Maryland farmers will lose $72.4 million this year due to the drought and the resulting decreased crop production, state Department of Agriculture officials told two legislative committees in Annapolis yesterday.
And when a projected $30.1 million in losses from depressed market prices are added, the state's farmers will have taken a $102.5 million hit, the officials said.
"This drought may be the straw to break the camel's back this year," Henry A. Virts, secretary of the state Department of Agriculture, told the House Environmental Matters Committee and the House Ways and Means Tax and Revenue Subcommittee in a briefing.
Despite the heavy economic impact -- and the farming season being the driest in 70 years -- fewer than 10 percent of the state's 13,500 farmers have applied for drought assistance grants, said Royden N. Powell III, an assistant secretary of agriculture.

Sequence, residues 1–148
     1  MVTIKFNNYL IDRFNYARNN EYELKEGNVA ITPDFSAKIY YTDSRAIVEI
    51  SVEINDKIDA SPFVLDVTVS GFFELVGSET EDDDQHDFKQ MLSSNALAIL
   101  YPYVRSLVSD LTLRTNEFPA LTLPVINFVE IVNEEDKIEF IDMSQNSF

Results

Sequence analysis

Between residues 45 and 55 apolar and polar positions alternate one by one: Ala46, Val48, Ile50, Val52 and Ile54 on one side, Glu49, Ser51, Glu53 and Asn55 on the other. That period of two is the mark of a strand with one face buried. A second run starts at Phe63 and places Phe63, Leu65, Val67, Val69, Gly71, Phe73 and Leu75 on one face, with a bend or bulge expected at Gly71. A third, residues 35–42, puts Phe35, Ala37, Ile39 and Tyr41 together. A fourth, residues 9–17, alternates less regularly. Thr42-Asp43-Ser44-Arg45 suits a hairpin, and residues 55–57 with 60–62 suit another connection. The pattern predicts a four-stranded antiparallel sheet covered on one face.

The state Agriculture Department has $3 million in emergency funds available.
So far, the department has received about 1,100 applications for aid. About $1.6 million has been distributed so far, Powell said.
The assistance includes a cover-crop program that reimburses farmers $25 an acre, a small-grain planting program that reimburses farmers up to $15 per acre, and emergency assistance to provide feed or water for livestock.
Some legislators raised concerns that farmers may not know about the assistance programs.
"We made every effort through all the channels we know of to get the word out," Powell said.
The department issued 16,000 direct-mail pieces and used the Internet and local farming offices to tell farmers about the available funding, he said.
Del. Ronald A. Guns, a Cecil County Democrat and chairman of the House Environmental Matters Committee, urged the Agriculture Department to put together a 20-year strategic plan for the farming community to give a clearer sense of where the industry is headed.
Pub Date: 10/06/99